4 Things You Need to Know About Google Analytics 4

In April, I started blogging about SEO tips – feel free to check out that blog post if you’re in need of some tips to improve your website’s SEO. Today I want to spill the tea on Google Analytics 4 and give you a quick list of things you should be aware of if you’re in charge of your business’ website.

In October 2020, Google announced they would be retiring Universal Analytics (UA), also known as Google Analytics 3 after the Austrian data protection authority, DSB, ruled that the use of Google Analytics 3 violates GDPR. Google’s new analytics platform, Google Analytics 4, is now available for download and implementation.

Here are 4 things you need to know about Google Analytics 4:

  1. Universal Analytics vs. Google Analytics 4
  2. Improved customer journey tracking
  3. Enhanced user-interface, measurements, and reporting
  4. The time to download Google Analytics 4 is NOW

1. Universal Analytics vs. Google Analytics 4

If you aren’t a Google Analytics guru yet, the high-level difference between Universal Analytics and Google Analytics 4 is how the data is being measured.

Hit Types
Universal Analytics hit types include page hits, event hits, ecommerce hits, and social interaction hits. Google Analytics 4 data is event-based (as opposed to being measured by page views), with the principle that any interaction can be captured as an event.

So, Universal Analytics hit types = events in Google Analytics 4

Whereas Universal Analytics events each have their own hit type, every “hit” is an event in Google Analytics 4. This means that when someone views one of your website pages, it triggers a page_view automatically. I love when a platform can automate the data and do the work for us! Google Analytics 4 has automatically collected events, enhanced measurement events, and the ability to implement additional events such as recommended events and custom events.

2. Improved customer journey tracking

I personally love digging into data, but I found it difficult to get an accurate depiction of a customer buying journey with Universal Analytics – which is the #1 question I get from clients seeking digital marketing help. From a user’s initial touchpoint through their activity post-conversion (whether that be through purchase, download, filling out a form, etc.) – the Google Analytics 4 Life Cycle reports mirror the four phases of the customer journey – acquisition, engagement, monetization, and retention – and make it much easier to see the entire picture (without doing a ton of work).

3. Enhanced user-interface, measurements, and reporting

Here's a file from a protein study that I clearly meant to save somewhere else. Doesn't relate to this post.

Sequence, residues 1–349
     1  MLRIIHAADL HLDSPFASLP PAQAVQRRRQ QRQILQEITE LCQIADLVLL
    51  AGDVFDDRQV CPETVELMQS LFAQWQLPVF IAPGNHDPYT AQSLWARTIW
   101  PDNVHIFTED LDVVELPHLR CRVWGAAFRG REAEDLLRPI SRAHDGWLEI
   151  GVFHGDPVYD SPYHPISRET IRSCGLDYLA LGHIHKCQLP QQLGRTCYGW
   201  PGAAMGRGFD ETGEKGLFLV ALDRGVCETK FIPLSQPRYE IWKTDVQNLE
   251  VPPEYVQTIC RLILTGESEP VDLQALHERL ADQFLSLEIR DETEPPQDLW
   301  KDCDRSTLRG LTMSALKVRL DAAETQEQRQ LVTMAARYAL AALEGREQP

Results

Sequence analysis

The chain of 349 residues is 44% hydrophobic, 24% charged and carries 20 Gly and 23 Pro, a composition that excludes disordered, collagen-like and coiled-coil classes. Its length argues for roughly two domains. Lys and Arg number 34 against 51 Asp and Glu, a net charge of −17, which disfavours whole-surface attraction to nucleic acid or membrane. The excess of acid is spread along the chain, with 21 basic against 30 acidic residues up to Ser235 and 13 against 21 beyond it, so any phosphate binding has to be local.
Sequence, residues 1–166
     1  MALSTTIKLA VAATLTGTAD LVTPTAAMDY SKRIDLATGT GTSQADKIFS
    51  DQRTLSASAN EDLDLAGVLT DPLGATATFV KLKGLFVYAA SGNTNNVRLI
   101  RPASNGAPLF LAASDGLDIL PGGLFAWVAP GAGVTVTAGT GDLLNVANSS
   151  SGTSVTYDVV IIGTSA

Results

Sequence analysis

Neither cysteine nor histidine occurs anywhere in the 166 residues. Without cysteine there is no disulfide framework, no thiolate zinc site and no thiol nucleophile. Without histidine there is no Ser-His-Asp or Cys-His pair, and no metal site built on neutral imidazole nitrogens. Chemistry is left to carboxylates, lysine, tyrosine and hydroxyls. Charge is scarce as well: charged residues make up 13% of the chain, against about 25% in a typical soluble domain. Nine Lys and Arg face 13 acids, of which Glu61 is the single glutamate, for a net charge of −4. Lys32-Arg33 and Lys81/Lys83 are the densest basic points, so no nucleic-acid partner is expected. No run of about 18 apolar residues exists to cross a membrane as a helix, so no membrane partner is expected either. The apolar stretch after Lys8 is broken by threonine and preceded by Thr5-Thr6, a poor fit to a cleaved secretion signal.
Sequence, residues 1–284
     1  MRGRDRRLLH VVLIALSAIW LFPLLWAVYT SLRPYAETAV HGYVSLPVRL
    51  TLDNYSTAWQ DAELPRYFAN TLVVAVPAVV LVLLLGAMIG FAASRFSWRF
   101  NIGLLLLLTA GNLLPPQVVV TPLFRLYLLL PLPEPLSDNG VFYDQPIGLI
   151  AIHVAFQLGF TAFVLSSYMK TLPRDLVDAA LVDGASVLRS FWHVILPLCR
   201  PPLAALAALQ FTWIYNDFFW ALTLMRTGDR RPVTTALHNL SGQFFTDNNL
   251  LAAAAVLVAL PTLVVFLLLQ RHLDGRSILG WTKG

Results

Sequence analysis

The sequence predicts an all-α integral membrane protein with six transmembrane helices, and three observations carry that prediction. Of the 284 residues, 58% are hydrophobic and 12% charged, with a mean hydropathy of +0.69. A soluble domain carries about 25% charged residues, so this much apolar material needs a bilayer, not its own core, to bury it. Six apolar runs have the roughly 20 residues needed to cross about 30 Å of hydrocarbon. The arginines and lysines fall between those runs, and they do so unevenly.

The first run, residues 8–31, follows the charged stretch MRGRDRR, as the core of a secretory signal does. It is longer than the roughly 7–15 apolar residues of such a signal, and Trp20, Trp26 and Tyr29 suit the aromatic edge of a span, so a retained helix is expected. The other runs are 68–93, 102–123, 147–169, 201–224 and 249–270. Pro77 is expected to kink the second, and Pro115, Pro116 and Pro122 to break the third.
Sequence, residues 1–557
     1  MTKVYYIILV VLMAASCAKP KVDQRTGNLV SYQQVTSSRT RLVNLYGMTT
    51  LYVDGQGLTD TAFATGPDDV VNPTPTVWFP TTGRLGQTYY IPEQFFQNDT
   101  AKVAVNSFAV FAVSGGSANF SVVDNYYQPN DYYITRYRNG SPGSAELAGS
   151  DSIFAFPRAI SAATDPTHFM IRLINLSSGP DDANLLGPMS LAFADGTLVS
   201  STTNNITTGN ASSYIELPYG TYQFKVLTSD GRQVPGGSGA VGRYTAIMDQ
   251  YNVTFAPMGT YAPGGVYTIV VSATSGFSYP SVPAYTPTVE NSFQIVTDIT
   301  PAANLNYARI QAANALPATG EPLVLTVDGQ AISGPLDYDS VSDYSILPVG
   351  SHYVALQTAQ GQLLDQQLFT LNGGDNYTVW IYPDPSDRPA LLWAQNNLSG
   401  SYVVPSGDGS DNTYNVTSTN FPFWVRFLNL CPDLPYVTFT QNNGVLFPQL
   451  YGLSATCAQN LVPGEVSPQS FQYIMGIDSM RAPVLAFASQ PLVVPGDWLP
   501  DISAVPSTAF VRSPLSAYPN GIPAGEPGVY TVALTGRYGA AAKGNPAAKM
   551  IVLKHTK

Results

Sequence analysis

There is a big difference between the Google Analytics 4 interface and the Universal Analytics interface. This may take some adjustment for some folks who are well-versed in Universal Analytics, but if you’re relatively new to digging into your website’s data, this is a great opportunity to jump in and get acclimated by learning on the new platform.

As I mentioned earlier, I found the reporting capabilities with Universal Analytics difficult to use; Google Analytics 4’s Analysis Hub is going to make my job much easier. The new reporting capabilities make it easier for you to view funnel analysis, path analysis, heat maps, segment overlap, and more – plus, you can export the data and a variety of formats.

4. The time to download Google Analytics 4 is NOW.

Google strongly recommends that you make the switch to Google Analytics 4 now so you can start building the historical data for the new platform. On July 1, 2023, Universal Analytics properties will stop collecting data, and any historic data will be deleted six months later. To make it easy on you, here are the instructions on how to install GA4:

Option 1: Set up Analytics data collection for the first time
Do this if you’re new to Analytics and ready to collect data for your website and/or app.

Option 2: Add Google Analytics 4 to a site with Universal Analytics (Analytics “classic”)
The GA4 Setup Assistant will add a Google Analytics 4 property alongside your existing Universal Analytics property. Your Universal Analytics property will continue to collect data. You can access both using the property selector in the Admin area.

Option 3: Add Google Analytics 4 to a website builder platform or CMS (content management system)
Do this if you use a CMS-hosted (Content Management System) website, e.g. a website created using Wix, WordPress, Drupal, Squarespace, GoDaddy, WooCommerce, Shopify, Magento, Awesome Motive, HubSpot, etc.

Next Steps

I understand that most folks will be in different stages of the process towards upgrading to Google Analytics 4. If you’re just learning about it, take advantage of the ability to move to Google Analytics 4 now. You have just about a year to get comfortable with the new platform and all the incredible insights it has to offer. Here are some more resources I found that may be helpful to you:

I’m always looking for data-led methods of working smarter, not harder. Connect with me @megejackson on Twitter to share hacks, tips, and tricks for digital communication optimization.

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